Select Page

All wars are fought twice, the first time on the battlefield, the second time in memory.

The Battlefields of Memory, a community-based exhibition on display at the University of Wisconsin Oshkosh through April 25, draws inspiration from these word by Viet Thanh Nguyen in his 2016 book Nothing Ever Dies.

The exhibit, part of UWO’s Asian Heritage Month activities, opens as the Asian American and Pacific Islander population has faced rising incidents of anti-Asian racism in the U.S.

UWO assistant professor and Hmong Studies director Mai See Thao led creation of the exhibit, which is a partnership with Cia Siab Inc., Wisconsin Historical Society and Hmong community organizations throughout Wisconsin.

Visitors to the exhibit, located in the Annex Gallery (Room N204) of the Arts and Communications Center at 1001 Elmwood Ave., will encounter a bedroom that invites them into the private and intimate spaces of memory. They will encounter artifacts that testify to the consequences of America’s Secret War in Laos, a covert military intervention from 1964 to 1973. And lastly, visitors will interact with objects that speak to human resilience.

Watch as Thao describes what visitors can expect to see and learn from the exhibit.

Additional Hmong studies events are planned for Asian Heritage Month:

  • April 7, 4-5 p.m. First book club session, History on the Run by Ma Vang. The event is sponsored by Hmong Studies Program, Hmong Student Union, UWO’s Academic Support for Inclusive Excellence, Reeve Union, UWO’s Bookstore and Cia Siab. Register here.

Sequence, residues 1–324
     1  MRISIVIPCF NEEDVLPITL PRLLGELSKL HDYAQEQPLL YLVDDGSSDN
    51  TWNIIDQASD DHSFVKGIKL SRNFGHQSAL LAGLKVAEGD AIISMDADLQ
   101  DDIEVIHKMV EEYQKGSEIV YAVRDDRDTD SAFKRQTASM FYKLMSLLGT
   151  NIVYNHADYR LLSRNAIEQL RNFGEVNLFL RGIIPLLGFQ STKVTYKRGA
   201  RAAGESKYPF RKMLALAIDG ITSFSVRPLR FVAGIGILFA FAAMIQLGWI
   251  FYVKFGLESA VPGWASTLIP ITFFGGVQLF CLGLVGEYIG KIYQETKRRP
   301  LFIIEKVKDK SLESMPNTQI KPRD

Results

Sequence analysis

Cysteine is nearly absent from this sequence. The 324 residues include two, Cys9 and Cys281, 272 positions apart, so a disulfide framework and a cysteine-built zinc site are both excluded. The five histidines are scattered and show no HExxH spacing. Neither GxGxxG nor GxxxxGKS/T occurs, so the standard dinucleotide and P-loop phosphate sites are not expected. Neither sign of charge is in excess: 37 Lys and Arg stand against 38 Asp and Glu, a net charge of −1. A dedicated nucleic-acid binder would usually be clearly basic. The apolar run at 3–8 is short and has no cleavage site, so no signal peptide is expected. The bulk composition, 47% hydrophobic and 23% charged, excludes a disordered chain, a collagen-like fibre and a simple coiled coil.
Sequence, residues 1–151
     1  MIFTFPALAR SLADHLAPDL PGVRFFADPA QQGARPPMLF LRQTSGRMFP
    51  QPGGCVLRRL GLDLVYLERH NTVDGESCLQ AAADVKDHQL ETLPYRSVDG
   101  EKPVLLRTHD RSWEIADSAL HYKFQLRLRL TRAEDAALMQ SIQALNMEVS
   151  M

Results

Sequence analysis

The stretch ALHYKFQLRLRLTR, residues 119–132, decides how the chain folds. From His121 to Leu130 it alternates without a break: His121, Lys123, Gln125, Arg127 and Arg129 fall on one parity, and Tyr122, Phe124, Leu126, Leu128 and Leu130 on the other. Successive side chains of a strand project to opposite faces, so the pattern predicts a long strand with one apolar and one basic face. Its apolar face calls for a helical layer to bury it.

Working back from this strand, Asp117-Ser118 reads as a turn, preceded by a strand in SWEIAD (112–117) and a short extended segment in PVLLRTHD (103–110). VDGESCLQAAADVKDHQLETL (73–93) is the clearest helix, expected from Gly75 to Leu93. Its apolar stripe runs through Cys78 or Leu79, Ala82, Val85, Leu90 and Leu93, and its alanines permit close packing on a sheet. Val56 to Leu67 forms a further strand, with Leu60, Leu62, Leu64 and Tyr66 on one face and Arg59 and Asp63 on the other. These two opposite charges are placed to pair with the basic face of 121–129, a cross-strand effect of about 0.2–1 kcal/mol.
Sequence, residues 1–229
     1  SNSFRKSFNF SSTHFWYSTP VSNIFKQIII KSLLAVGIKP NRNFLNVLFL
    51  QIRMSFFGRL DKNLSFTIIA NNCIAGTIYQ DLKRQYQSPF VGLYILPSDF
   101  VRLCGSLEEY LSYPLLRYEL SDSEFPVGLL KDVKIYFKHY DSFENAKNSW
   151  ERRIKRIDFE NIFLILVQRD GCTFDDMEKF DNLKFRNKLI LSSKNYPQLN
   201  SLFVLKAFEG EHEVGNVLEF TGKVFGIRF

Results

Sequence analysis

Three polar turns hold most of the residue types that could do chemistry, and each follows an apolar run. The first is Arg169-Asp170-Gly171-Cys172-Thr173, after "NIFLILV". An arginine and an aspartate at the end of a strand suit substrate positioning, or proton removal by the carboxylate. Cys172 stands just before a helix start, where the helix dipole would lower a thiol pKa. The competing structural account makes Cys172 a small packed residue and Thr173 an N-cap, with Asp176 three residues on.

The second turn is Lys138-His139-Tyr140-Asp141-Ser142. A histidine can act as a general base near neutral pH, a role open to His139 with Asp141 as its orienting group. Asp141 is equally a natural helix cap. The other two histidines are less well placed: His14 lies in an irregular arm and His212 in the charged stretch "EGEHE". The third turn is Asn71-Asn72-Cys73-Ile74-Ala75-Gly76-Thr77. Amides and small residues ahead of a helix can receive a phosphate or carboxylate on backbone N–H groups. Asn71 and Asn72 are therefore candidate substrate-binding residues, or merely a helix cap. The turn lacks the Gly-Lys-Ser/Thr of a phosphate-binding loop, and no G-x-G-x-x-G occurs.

• April 7, 6-7:30 p.m. Dr. Ia Vang, a licensed psychologist, discusses “Healing Hmong Experiences of Historical Trauma.” Register here.
  • April 14, 4-5 p.m. Second book club session:  History on the Run. Register here.
  • April 14, 7:30-8:30 p.m. “A Journey of #becoming” will be a guided mediation and discussion on healing with Pajdee Yang, CEO and founder of EmPajwer Meditations. Register here.
  • April 16, 12-1:30 p.m. Ma Vang will hold a public lecture, co-sponsored by UWO Hmong Studies Program, Reeve Union, UW-Eau Claire’s Critical Hmong Studies Program and UW-Madison’s Hmong Studies Consortium. Vang will highlight the key arguments from her book, History on the Run, to show how the history of Hmong soldiering for U.S. liberal militarized empire effaced Hmong experiences of racism and state violence. Furthermore, the talk will underscore how Hmong history exceeds U.S. state secrecy. It persists as fugitive knowledge that continues to unfold through the everyday acts of silence, activism, refusal and Hmong American literature. Join here.
  • April 26, 5:30-6:30 p.m., Ka Ly, the founder of Artcrop in Minnesota, presents “Cultivating Creative Space for Community Futures.” Ly is a queer Hmoob (Hmong) French American artist and cultural producer rooted in creating social change. Ly draws on their identities, lived experiences, and various communities to redefine and reclaim Hmoob and queer aesthetics, cultural innovation, and community futures. Join here.

Video by Pat Flood.

Learn more: